Air Passenger Rights – The Rise Of Tools For Claims

Delay, cancellation, or overbooking. Does it sound familiar? It is estimated that 26 million passengers are entitled, every year, to compensation from the airline companies, but only 1% of them benefit from this right.

The reasons behind this discrepancy are as various as the customers who, generally speaking, don’t know their rights or the airlines voluntarily omit to inform them. Now we see new structures appearing – or rather call them startups – ready to help passengers in distress.

The advocates are consumer-focused; they facilitate the claim process by filing documents online, representing you legally (if necessary), and getting your compensation from the at fault airline in exchange for fees. Some names: AirHelp,, or FlightRight. But before getting into the details of their businesses, let’s have a look at air passenger rights.

Legally Covered in Theory vs. Uncompensated in Practice

Rights exist. If you refer mainly to flights from or to an EU airport (plus Iceland, Norway, or Switzerland) with an EU airline, the legislation is extremely strict and carefully covers passenger rights. Briefly, the so-called EU Regulation 261/2004 stipulates rights in cases of denied boarding, downgrading, rerouting, cancellation, or long flight delays.

In these cases, the passenger can write directly to the airline using a handy form letter, explaining the facts and asking for compensation. The companies’ websites usually have forms available for claims. There is even an app, recently launched by the European Commission, Your Passenger Rights, in order to facilitate the claims process.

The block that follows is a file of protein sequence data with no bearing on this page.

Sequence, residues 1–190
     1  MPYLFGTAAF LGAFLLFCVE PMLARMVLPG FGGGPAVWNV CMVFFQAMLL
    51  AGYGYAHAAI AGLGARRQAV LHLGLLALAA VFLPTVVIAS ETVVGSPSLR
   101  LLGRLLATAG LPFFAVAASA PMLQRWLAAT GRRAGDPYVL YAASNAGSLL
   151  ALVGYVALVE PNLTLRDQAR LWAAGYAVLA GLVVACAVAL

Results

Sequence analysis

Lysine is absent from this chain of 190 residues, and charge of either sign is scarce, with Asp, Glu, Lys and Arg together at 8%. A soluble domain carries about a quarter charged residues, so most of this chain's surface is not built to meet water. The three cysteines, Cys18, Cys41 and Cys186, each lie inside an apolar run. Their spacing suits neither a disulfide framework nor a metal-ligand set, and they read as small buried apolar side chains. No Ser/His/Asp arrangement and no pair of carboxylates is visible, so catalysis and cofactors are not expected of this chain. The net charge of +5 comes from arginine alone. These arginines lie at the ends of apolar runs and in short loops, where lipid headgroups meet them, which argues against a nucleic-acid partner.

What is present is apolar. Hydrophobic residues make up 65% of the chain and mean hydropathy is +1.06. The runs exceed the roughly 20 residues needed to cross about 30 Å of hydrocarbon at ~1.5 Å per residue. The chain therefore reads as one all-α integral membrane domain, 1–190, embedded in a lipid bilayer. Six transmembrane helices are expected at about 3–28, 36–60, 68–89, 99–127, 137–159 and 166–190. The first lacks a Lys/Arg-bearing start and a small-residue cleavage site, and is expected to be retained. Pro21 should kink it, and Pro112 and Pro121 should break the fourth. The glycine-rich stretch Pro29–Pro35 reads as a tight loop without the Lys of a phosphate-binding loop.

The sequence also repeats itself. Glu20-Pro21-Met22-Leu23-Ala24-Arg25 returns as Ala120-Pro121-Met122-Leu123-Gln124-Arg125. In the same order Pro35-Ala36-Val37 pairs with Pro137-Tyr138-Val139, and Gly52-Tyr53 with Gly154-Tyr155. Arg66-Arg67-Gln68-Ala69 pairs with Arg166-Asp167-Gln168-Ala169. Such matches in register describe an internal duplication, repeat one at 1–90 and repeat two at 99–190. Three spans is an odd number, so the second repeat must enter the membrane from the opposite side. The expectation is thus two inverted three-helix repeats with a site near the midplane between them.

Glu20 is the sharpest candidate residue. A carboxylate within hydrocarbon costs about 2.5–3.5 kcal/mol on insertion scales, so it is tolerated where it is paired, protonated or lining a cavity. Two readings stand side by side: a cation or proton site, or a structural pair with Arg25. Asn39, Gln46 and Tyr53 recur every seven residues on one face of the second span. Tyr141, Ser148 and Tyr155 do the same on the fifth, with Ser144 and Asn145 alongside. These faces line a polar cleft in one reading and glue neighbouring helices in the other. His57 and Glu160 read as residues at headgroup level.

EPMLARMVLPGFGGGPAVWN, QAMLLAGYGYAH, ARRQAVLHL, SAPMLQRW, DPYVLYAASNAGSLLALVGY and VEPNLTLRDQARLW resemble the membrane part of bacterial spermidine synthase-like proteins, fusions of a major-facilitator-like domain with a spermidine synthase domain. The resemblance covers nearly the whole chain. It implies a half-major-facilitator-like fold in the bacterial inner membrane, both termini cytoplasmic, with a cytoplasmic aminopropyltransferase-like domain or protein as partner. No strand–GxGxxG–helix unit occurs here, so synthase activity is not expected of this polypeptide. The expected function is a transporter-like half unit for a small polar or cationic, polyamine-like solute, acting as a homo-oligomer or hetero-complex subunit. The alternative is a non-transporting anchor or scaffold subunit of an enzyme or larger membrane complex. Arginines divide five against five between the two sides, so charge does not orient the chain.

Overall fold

Compensation for flight delays under EU 261/2004

Flight Distance

Length of Delay


Up to 1,500km

3 hours or more



3 hours or more


Over 3,500km

2 EU countries & ≥3 hours


Over 3,500km

3-4 hours


Over 3,500km

More than 4 hours


Despite these rights, the airlines try to rely on the “extraordinary circumstances” stipulated by EU 261/2004, which exempt the airlines from paying compensation. The “extraordinary circumstances” sound very ambiguous, but they include situations such as weather conditions (i.e. the volcanic ash cloud in 2010), terrorism, crew strikes, or sabotage; basically situations which are outside the airlines’ control.

It is important to highlight that technical problems with an aircraft are not considered “extraordinary circumstances”. Also, in any of the situations mentioned above, the airline still must take care of passengers in case of delays by providing them a welfare package (duty to give care): accommodation, meals, refreshments, and transfer transport.

Once the claim form is duly filled out and sent to the airline, the customer waits for an answer. The airline either proceeds to offer compensation or will try to avoid paying. If rejected, passengers can take their cases to court. All this process may be delegated to specialized startups to deal with claims filed under air passenger rights laws.

Customer Focused Companies Are Stepping Forward